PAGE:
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  • Transcript

5.10 Custom Objects

We’ve seen how to create objects that have properties and methods, but in this lesson we’ll go a little deeper and see how to create custom objects. We’ll also look at how to specify whether properties are enumerable or configurable.

Syntax

  • prototype
  • create
  • defineProperty
  • defineProperties

1.Introduction
2 lessons, 07:42

1.1
Introduction
02:12

1.2
Setup
05:30

2.Language Fundamentals
8 lessons, 1:00:53

2.1
Variables
06:33

2.2
Data Types
11:28

2.3
Arithmetic, Assignment, and Comparison Operators
10:24

2.4
Unary, Logical, Comma, and Spread Operators
09:02

2.5
Operator Precedence
03:50

2.6
Reserved Words
04:17

2.7
Strict Mode
04:34

2.8
Functions
10:45

3.Data Structures
5 lessons, 22:52

3.1
Arrays
04:29

3.2
Objects
04:30

3.3
Sets
04:57

3.4
Maps
04:21

3.5
Weak Maps and Weak Sets
04:35

4.Controlling Program Execution
7 lessons, 37:06

4.1
Conditionals
07:49

4.2
Switch Statements
04:41

4.3
The For Loop
06:39

4.4
The `for .. in` Loop
05:17

4.5
The `for .. of` Loop
04:02

4.6
Iterators
05:03

4.7
While Loops
03:35

5.Using JavaScript
13 lessons, 1:44:36

5.1
Working With Strings
09:32

5.2
Template Literals
05:46

5.3
Working With Numbers
06:57

5.4
Working With Arrays
12:53

5.5
Iterating and Transforming Arrays
07:33

5.6
Working With the Object Type
13:55

5.7
Object Literal Extensions
06:45

5.8
Working With Object Instances
06:45

5.9
Getters and Setters
05:00

5.10
Custom Objects
11:28

5.11
The `Math` API
04:54

5.12
Working With Dates and Times
08:10

5.13
The `Array` Constructor
04:58

6.Functions
8 lessons, 56:07

6.1
The `this` Object
06:15

6.2
Working With Functions
10:11

6.3
Scope
07:37

6.4
Arrow Functions
06:59

6.5
Generator Functions
08:13

6.6
Closures
05:00

6.7
Prototypes
06:26

6.8
Default and Rest Parameters
05:26

7.Miscellaneous
6 lessons, 52:39

7.1
Destructuring Assignments
08:09

7.2
AJAX
08:30

7.3
Regular Expressions
10:51

7.4
More About Regular Expressions
08:38

7.5
Classes
06:48

7.6
ES Modules
09:43

8.Working With the DOM
6 lessons, 37:39

8.1
Selecting HTML Elements
05:02

8.2
Manipulating HTML Elements
07:40

8.3
DOM Traversal
05:25

8.4
Adding and Removing Elements
04:45

8.5
Creating Elements and Other Nodes
04:39

8.6
DOM Events
10:08

9.Web APIs
4 lessons, 17:41

9.1
The Selector API
03:03

9.2
Geolocation
05:29

9.3
Web Storage
05:24

9.4
Web Workers
03:45

10.Asynchronous JavaScript
5 lessons, 26:23

10.1
Promises
09:52

10.2
Promise Chaining
05:11

10.3
The async Keyword
03:21

10.4
The await Keyword
04:04

10.5
More About async and await
03:55

11.Conclusion
1 lesson, 00:43

11.1
Conclusion
00:43


5.10 Custom Objects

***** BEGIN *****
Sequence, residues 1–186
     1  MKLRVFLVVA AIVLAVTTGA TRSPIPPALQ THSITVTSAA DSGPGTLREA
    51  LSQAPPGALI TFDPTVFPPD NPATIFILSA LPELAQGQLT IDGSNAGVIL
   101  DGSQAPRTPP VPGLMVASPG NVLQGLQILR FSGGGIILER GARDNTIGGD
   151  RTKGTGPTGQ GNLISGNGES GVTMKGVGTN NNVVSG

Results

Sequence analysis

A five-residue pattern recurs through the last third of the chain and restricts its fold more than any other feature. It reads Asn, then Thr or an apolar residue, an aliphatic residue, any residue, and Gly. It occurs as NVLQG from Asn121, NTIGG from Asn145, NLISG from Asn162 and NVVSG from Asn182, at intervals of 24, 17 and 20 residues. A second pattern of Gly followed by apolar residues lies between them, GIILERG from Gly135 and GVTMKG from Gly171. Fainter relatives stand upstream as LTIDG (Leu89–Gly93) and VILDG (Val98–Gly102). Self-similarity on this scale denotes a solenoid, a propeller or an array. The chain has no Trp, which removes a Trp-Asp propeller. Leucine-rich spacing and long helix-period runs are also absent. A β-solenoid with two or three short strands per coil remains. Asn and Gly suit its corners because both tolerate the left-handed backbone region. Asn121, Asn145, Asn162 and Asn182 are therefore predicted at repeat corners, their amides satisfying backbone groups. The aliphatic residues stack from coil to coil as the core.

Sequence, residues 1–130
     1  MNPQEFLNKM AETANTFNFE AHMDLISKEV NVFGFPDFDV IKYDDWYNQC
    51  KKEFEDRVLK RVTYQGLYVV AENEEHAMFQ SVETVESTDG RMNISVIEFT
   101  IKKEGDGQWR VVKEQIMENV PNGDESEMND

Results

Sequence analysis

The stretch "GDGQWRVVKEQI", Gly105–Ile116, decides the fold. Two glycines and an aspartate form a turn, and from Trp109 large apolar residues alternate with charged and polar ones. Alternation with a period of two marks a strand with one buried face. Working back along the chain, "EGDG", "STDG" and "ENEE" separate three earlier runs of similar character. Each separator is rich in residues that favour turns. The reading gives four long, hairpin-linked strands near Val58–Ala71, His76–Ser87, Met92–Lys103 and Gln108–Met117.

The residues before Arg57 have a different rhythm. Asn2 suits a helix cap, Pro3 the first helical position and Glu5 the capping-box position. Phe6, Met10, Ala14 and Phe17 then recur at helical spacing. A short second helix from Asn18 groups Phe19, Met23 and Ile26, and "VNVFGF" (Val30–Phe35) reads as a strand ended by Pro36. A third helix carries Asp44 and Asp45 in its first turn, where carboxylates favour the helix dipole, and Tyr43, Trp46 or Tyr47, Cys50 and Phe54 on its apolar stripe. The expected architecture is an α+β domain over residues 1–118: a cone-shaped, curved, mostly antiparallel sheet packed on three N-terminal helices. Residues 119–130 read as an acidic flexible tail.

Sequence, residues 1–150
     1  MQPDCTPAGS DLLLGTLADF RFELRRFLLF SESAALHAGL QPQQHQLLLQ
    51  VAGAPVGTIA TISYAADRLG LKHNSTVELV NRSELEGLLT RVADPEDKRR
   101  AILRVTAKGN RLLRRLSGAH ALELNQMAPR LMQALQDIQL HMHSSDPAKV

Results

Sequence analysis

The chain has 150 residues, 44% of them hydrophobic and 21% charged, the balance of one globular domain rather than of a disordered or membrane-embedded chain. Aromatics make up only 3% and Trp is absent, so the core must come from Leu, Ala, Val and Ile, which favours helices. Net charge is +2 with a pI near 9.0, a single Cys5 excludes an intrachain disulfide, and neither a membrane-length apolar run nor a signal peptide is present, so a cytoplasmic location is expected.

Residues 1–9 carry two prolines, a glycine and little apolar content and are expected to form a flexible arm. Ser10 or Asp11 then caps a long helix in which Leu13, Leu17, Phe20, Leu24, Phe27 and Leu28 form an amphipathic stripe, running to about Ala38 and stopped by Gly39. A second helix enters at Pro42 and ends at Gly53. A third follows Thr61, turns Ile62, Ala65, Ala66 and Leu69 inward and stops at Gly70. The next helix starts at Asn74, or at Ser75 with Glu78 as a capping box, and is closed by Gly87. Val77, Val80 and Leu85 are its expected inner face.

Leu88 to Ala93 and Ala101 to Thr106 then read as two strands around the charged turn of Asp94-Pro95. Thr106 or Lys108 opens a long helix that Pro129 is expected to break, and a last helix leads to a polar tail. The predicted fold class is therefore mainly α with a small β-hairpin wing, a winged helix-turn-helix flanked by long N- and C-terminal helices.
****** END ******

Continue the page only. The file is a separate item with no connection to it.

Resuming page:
Hi folks, in this lesson we're going to carry on looking at objects, this time focusing on creating custom objects. Of course, any object literal that we create is technically a custom object. But I mean creating custom types of objects, that we might want to create instances of later. This is also known as object-oriented JavaScript. Let's look at a basic example, first of all. So let's say that we want to create a new type of object, which will be a Person object. So what we've defined here is a function expression. But it's a special type of function expression. It's a constructor function, because we'll be able to use it to create Person objects. Now you'll notice from the syntax that there is nothing special about the function. It's not a constructor function because we're telling JavaScript that it's a constructor function, but it will end up being a constructor function, due to how we use it. So that's why we've capitalized the first letter of the variable that the constructor function is stored in, Person. Because that's the only way to let other people know that if they want to use this Person function as a constructor function, it needs to have the new keyword in front of it. So the function will receive a parameter, and that parameter is the name parameter. And inside the function all we do is set a property of this to the name that gets passed in. So we're using the this object once again, and in this context the this object will point to instances created by the constructor function, rather than the constructor function itself. So this is slightly different than other times that we've used this previously in the course. So don't worry, we will be coming back and looking at the this object in a dedicated lesson, to go over all of these different types once again. But just remember that, when used with a constructor function, the this object will point to instances created with the constructor function, rather than the constructor function itself. So if we want to add a method that all instances of Person objects will inherit, we need to use the constructors prototype. So in this case we've added a new method called greet, and inside that method all we do is return a string that says, hi my name is. And then uses this.name to get the name from the Person instance. So once again, this, in the context of this example, refers to instances of the Person, not the Person constructor itself. So now every time we create a new Person object, it will have a name property, and it will inherit this greet method from the Person constructors prototype. And in this case, we've set the prototype just to an object literal. So now let's create a new instance of our Person type. So let's just log out the new instance of Person to the console. And we can see that it is an object of the type Person, and it has a name property, and the name is Fred. We can also invoke the greet method if we want. And now we see the log message from the greet method. So this is a very basic way to create custom objects which behave a little bit like classes in other languages. But it's important to remember that JavaScript uses prototypes instead of classes. JavaScript does have classes, and we'll be looking at those later in the course, but these are just syntactic sugar that make writing object-oriented JavaScript a little easier. Even classes still use the prototype internally. So instances of the Person will inherit the object prototype, because the Person's prototype object is just an object literal. As well as using the new keyword, we can also use a method of the object constructor called the create method, to create new instances of objects. So first of all, let's just take a look at the output in the browser, and then we'll come back and talk about why the output is what it is going to be. So we created a second instance of our Person object, but as you can see, when we use the greet method, which that person object did inherit correctly, it says that the object's name is undefined. And the reason it's undefined is because, even though we created a new instance using object.create, we weren't able to pass the name of the Person into the new object when we created it. We bypass the constructor. Luckily we can pass a second argument to object.create, and that allows us to specify which properties the object that we're creating should contain. And any attributes of those properties, such as whether they are writable, enumerable, or configurable. The second argument that we pass to the create method is an object literal. And inside that object literal, the properties that we add will become properties of the object that we're creating. So in this case we wanted to add a name property, so that is the property name that we used. When we specified the name property, we also added an object literal as the value of that property. This object literal is known as a property descriptor, and that allows us to specify different attributes of the property that we're creating. In this case we specified that the name property should be writeable, and we gave it a value of Bob. So let's just go back to the browser now, and we can see that that has fixed the undefined issue. As well as specifying whether the property should be writable, we can also specify whether it should show up in a loop, by setting the enumerable property. And whether the property can be deleted, by specifying the configurable property. Each of these properties has the default value of false, so if we'd like to enable them, we have to set them to true specifically. We don't have to specify these property descriptors for the object when create it, we can also add them later using other methods of the object constructor, such as defineProperty or defineProperties. The defineProperty method is used to add a single new property, and it takes three arguments. These arguments are the objects to add the new property to, the key for the property in string form, and a property descriptor object. So we use the defineProperty method of the object constructor and we passed it three arguments. The first argument is the object that we're defining the property for, which in this case is the object stored in the bob variable. The second argument is the name of the property, so we've added a property to the bob instance object called job. And the third argument is this property descriptor object, and you can see that we've given the job property the value Developer. And we've specified that this property should be writable, configurable, and innumerable. And we added a new log to the console, so let's just check the output now in the browser. And we can see that the instance object Bob does indeed have this new job property, and it is set to the value that we specified, Developer. The defineProperties method is used to add a number of different properties to an object at the same time. The defineProperties method takes a slightly different format than the defineProperty method did, so this time we pass two arguments to the method. The first argument is the object we'd like to define the properties for, and in this case we've used our bob instance object. And the second is an object literal, which contains a series of object descriptors. And the format is very similar to the descriptors that we used previously, although in this case we only set the value of the new properties. The properties that we're setting are specified using the keys of the descriptor objects, such as heights in centimeters, weight in kilograms. And now let's go back to the browser one more time, and we can see that our Bob instance object now has these new properties as well. So in this lesson we saw how to create objects of a custom type, and saw some more methods of the object constructor that we can make use of. Such as the defineProperty method, which allows us to define a new property for an object, and pass in a descriptor object. Which specifies whether or not the property that we're adding should be configurable, or writable, or enumerable. And we also looked at the very similar defineProperties method, which is used to define multiple properties at the same time. In the next lesson we're going to move on to look at the Math API. Thanks for watching.